"To be successful, students must explore their curiosity, be comfortable with uncertainty, take action and risks, and put themselves out there," he said. "Our job is to leverage the career services ecosystem around Stanford and provide resources that help them do that."

A new career landscape

Dey said the national financial crisis of 2008 had a lasting effect on the career services landscape, making it more challenging for graduates to land jobs and for students to get internships.

He said each student population – undergraduates, master's and doctoral students – experiences those challenges differently. As an example, he cited the plight of students who have earned humanities PhDs and are facing an extremely tough job market for academic jobs.

"For those who are still focused on finding academic jobs, we need to find ways to support them and help them think in creative ways about how they can still be an academic in a university," Dey said.

"But now our job is also to help them think about their careers differently and help them think about how their unique abilities are transferrable to different kinds of career paths, including non-faculty positions in higher education, careers in industry, non-profits or government. We have the responsibility to not only provide guidance and resources to our PhD students and postdocs, especially in H&S (Humanities & Sciences), but also to network on their behalf and bring more recruiters from various sectors to Stanford."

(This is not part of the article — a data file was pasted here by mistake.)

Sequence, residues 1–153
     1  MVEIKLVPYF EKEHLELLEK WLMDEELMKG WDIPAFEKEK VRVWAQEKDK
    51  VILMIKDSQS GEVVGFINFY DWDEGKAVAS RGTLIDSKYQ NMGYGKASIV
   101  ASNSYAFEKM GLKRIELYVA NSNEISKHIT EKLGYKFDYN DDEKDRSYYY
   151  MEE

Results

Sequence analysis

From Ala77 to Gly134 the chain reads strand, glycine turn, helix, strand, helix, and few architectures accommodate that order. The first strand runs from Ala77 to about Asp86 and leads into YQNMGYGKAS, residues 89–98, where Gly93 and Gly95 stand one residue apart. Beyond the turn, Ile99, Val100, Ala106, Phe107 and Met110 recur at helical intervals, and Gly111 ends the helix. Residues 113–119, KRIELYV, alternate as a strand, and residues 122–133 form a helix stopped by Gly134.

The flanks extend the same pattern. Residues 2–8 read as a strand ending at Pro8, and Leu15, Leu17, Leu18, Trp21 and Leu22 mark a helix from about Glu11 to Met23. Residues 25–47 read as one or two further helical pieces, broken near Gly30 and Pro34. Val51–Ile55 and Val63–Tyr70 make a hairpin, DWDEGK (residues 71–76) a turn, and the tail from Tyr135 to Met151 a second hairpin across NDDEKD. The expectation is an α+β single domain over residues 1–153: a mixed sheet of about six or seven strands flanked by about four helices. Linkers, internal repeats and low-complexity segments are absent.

From Algeria to Wisconsin

When Dey arrived at the University of Wisconsin-Milwaukee in 1995, he was an international student from Algeria with very little money in his pocket and no English – save the vocabulary from a preparatory class he took just before leaving home.

"What I did have was curiosity, comfort with uncertainty, the thrill and excitement of discovery, a spirit of entrepreneurship and a can-do attitude. I just believed in the possibilities."

To help make those possibilities come true, he enrolled in an English as a Second Language program, became involved with leadership opportunities on campus, and worked in internships and part-time jobs.

"Navigating the career development process was even more challenging for me as an international student," he said. "Gaining valuable practical experiences and meaningful relationships with mentors made the difference for me. I want to pay that forward in this new role I have at Stanford."